Executive functions and self-regulation are underlying mental processes that allow us to plan, intentionally focus, sustain or shift attention as needed, remember on purpose, and manage how much energy we put into a task. These are all abilities we draw on when we need to learn something new. These abilities are tied to brain function that undergoes significant development in the early childhood years and children’s environments play a big role in shaping their development. Research on the impact of these core underlying abilities shows that children who develop them have better long range outcomes into adulthood. They do better in school, have more friends and are more successful later in life. Focusing on the development of these skills during this key period in their development in early childhood is crucial.

For Parents

  • What will my child’s experience in a Tools PreK or K be like?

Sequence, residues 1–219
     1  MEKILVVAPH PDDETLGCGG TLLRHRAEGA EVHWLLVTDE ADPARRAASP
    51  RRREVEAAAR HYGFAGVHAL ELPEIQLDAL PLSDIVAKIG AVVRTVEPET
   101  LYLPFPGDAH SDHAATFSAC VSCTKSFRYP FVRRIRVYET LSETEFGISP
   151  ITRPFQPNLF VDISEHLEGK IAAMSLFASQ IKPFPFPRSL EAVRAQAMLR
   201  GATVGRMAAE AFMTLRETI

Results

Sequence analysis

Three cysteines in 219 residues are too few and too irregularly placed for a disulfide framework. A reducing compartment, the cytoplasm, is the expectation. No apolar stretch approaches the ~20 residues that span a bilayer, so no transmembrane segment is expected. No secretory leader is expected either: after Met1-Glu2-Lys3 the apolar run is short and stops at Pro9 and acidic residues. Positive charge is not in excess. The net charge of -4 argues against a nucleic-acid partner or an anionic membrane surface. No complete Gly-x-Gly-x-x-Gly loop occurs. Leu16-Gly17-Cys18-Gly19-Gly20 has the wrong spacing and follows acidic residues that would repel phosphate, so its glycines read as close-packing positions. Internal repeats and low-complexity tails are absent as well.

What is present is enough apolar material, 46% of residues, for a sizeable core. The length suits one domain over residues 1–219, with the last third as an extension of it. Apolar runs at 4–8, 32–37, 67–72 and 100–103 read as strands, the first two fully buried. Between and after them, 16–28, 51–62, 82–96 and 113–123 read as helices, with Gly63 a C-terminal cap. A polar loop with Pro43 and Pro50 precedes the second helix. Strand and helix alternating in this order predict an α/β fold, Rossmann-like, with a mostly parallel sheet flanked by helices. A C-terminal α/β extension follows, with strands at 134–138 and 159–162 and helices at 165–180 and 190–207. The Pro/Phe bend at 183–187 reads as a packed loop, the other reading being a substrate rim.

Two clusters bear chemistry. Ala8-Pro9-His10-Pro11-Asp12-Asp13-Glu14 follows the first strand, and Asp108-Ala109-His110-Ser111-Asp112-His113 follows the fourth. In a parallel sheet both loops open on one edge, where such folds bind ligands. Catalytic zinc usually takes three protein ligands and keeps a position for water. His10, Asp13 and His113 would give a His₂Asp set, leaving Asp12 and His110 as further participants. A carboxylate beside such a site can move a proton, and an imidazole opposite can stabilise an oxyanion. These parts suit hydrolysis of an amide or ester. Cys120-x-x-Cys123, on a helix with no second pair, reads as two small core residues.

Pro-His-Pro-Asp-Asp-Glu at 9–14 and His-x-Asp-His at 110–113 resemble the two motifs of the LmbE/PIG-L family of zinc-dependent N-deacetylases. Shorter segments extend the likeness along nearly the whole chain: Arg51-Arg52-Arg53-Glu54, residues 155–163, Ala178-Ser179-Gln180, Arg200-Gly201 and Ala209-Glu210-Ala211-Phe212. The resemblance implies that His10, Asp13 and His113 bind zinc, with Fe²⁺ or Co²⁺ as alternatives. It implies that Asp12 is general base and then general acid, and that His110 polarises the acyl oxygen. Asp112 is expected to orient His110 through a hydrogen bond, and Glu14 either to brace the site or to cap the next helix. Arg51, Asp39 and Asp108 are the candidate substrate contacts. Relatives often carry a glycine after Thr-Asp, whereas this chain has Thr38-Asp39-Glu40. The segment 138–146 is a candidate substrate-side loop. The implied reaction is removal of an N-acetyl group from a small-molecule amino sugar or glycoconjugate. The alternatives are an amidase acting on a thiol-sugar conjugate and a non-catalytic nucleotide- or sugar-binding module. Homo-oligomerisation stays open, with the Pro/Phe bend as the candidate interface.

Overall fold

Wonderful! Your child’s teachers will individualize instruction, meeting each child where he or she is in development each day.  Your child will be engaged in rich make-believe play with peers, have the opportunity for free play, and engage in small group and partnered literacy, math and science learning activities throughout the day. Tools teachers manage transitions, and set up a classroom environment and schedule to support children’s self-regulation and executive functions development. Children learn fingerplays, songs and play movement games to recharge as needed. A child in a Tools classroom is partnered with and plays with every other child in the class, and has a teacher focused on the development of the whole child. Tools classrooms are happy places to learn to and grow.